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The Pursuit of Happiness


The pursuit of happiness ... The founders of this great country spoke of certain inalienable rights. We learned the words in elementary school. We are "endowed by our Creator with certain inalienable rights." These are the rights to "life, liberty and the pursuit of happiness." But what about this third right? Note that they didn't promise us the right to be happy, only the right to pursue happiness.

What is the pursuit of happiness? Doesn't everybody pursue happiness? How can we pursue happiness? I want to look at these questions, one by one.

First, we need a working definition of the "pursuit of happiness." Like another recent Toastmaster speaker, I don't care much for dictionary definitions, so I will make up my own.

Let's say I want to pick up, for example, this pencil. I don't need to pursue it, it's not moving, so I simply reach out and pick it up. But, suppose when I get to my bus stop, my bus is leaving. I will run after it, pursue it actively. Pursuit, then, means actively working to reach a goal.

Happiness ... That's an abstract concept, which is a little bit harder. I define happiness as "contentment with one's daily life." So, we have our working definition.

Pursuit of happiness ... "actively working to achieve daily contentment."

Not everybody pursues happiness. There is a woman who rides the bus daily with my husband and myself. I don't know anything about her life, but we have noticed that every single day, when she gets on the bus, she sighs loudly. Then, as likely as not, she grumbles about something, whether it's the schedule, the condition of the bus or the weather. We all know people like that, I believe. Some people seem to pursue unhappiness. So, it's up to you.

We've decided what the pursuit of happiness is and we see that it's a choice. If you make this choice, as I certainly hope that you do, how can you actively pursue happiness? There are many ways, but within the scope of this speech, I have selected just a few ideas.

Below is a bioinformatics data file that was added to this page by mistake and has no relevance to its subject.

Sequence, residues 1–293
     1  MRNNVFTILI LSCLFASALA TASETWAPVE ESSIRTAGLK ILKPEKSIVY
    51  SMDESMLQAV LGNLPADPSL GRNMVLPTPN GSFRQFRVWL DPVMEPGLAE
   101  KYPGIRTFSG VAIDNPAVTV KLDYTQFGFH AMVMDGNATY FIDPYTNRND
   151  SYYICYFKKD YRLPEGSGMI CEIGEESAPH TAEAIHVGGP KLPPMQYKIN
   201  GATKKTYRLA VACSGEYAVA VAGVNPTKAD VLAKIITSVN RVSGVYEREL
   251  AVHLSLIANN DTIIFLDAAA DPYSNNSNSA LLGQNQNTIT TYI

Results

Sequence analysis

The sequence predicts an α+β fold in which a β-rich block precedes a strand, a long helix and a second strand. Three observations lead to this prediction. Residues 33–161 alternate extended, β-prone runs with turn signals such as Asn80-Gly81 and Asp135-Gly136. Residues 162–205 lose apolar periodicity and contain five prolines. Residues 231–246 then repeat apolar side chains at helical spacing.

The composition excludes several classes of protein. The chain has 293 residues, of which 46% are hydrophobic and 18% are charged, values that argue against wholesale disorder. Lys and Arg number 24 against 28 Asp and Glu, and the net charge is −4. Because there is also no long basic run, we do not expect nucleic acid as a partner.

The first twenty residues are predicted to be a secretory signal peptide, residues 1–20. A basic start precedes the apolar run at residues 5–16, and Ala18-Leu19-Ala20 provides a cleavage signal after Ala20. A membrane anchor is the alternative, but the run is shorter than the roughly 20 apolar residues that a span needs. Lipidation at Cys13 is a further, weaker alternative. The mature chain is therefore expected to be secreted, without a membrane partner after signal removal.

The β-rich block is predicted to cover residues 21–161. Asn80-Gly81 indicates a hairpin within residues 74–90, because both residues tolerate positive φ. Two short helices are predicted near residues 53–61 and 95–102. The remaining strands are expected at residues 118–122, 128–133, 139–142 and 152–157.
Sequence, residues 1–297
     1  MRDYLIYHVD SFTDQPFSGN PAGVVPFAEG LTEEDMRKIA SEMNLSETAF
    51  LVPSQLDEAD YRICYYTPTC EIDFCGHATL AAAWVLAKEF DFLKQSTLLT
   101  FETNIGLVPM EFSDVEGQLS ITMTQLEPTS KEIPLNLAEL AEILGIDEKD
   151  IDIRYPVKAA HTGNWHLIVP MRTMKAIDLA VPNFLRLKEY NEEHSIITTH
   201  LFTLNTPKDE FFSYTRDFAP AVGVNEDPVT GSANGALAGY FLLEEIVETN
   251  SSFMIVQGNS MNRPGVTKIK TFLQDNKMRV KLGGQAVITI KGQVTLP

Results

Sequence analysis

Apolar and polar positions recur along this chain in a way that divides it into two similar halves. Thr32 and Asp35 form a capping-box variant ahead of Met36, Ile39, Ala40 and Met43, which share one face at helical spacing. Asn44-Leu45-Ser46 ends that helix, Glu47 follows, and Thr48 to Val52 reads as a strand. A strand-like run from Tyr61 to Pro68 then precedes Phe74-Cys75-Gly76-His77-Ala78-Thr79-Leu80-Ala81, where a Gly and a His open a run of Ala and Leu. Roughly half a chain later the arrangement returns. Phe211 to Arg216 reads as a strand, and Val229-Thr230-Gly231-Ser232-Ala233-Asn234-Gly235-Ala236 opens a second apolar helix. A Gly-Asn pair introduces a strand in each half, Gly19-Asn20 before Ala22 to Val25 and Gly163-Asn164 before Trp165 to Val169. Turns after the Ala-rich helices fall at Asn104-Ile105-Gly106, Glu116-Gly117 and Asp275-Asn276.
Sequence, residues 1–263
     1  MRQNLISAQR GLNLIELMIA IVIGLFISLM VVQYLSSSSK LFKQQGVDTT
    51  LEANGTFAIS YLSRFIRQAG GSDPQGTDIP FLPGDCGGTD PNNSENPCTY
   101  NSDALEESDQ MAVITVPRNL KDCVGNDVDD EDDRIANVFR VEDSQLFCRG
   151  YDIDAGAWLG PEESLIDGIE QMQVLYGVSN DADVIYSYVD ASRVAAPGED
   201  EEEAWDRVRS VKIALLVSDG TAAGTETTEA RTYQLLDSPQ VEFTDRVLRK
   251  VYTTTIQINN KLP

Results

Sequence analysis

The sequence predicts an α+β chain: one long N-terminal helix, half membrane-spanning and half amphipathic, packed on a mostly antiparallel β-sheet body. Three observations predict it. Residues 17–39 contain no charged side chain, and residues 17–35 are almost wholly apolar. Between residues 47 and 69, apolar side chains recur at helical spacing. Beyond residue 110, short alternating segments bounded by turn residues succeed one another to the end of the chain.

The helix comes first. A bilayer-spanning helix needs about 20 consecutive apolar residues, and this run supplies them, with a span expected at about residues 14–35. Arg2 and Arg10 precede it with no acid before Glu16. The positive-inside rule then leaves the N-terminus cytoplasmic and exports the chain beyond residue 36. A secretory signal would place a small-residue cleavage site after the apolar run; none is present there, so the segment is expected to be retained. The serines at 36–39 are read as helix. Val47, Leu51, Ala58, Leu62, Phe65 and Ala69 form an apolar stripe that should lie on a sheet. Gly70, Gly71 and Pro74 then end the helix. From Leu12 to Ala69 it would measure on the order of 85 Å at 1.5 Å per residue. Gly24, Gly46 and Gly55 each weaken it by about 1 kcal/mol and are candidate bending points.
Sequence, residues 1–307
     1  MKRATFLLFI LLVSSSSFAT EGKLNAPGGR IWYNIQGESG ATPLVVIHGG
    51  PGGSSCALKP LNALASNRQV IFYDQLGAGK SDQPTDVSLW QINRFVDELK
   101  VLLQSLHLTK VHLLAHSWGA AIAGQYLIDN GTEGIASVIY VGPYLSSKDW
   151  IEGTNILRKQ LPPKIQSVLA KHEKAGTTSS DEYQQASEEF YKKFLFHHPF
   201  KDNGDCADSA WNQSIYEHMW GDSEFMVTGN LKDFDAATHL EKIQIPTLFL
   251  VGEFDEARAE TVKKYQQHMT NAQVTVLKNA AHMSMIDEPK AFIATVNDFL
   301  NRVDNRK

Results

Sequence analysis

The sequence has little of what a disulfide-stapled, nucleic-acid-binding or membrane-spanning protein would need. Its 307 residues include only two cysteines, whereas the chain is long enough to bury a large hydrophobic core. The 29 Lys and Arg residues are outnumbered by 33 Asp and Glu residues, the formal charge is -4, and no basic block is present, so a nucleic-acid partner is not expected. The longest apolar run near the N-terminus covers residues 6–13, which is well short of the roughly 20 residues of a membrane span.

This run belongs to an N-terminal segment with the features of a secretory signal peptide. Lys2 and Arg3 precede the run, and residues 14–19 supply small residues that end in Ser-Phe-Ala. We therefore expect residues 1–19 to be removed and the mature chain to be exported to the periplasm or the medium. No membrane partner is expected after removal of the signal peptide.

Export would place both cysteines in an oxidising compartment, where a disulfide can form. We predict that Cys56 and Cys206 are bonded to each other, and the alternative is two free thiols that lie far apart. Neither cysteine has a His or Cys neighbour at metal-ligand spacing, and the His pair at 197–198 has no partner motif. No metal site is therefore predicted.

Take pleasure in the little things. Sometimes, people think, "I'll be happy when I get married" or when "the kids grow up" or when "I win the lottery" and so on. But, waiting for life's big events, you can miss the little everyday pleasures. To use a personal example, I decided on the topic of this talk on a recent Sunday afternoon, when my husband and I took advantage of a beautiful afternoon, by driving to the lake. We were pursuing happiness by getting out of the house and enjoying each other's company.

Treat yourself. You're busy, but occasionally take the time and effort to do something for yourself. What I like to do, when I feel like I deserve something nice is to go to the bookstore across the street from where I work and pick out a good book for myself. What do you like? A sporting event, a movie, music, even flowers for yourself? You get presents for other people, get one for yourself now and then.

Look on the bright side. There is a cliche about seeing the glass as being half-empty or half-full. But, in this cliche, as in most others, there is truth. Are you so busy at work that you don't know how you'll ever get it all done? Be glad you're employed. Is your family driving you nuts? Be grateful that you have these loved ones. Pursue happiness by seeing the glass as half-full, whenever you can.

Do things for others. Thinking about other people puts things in perspective and makes your own problems seem less significant. Everybody can find some kind of appropriate volunteer work or community work. As an example of this, I am very proud of something that my son does. As a student at Ohio State, he became involved in volunteer tutoring for their Disability Services program. He found that he enjoyed it, so he did not drop it when he graduated. He is still actively involved, often driving to a student's house after a busy day at work.

If you take pleasure in the little things, treat yourself, look on the bright side and do things for others, will you be guaranteed happiness? No, this is not K-Mart and life has no guarantees. But, remember ... The founding fathers did not speak of the right to happiness, only of the right to its pursuit. If you do these things, you will surely pursue happiness and you will have an excellent chance of achieving it.


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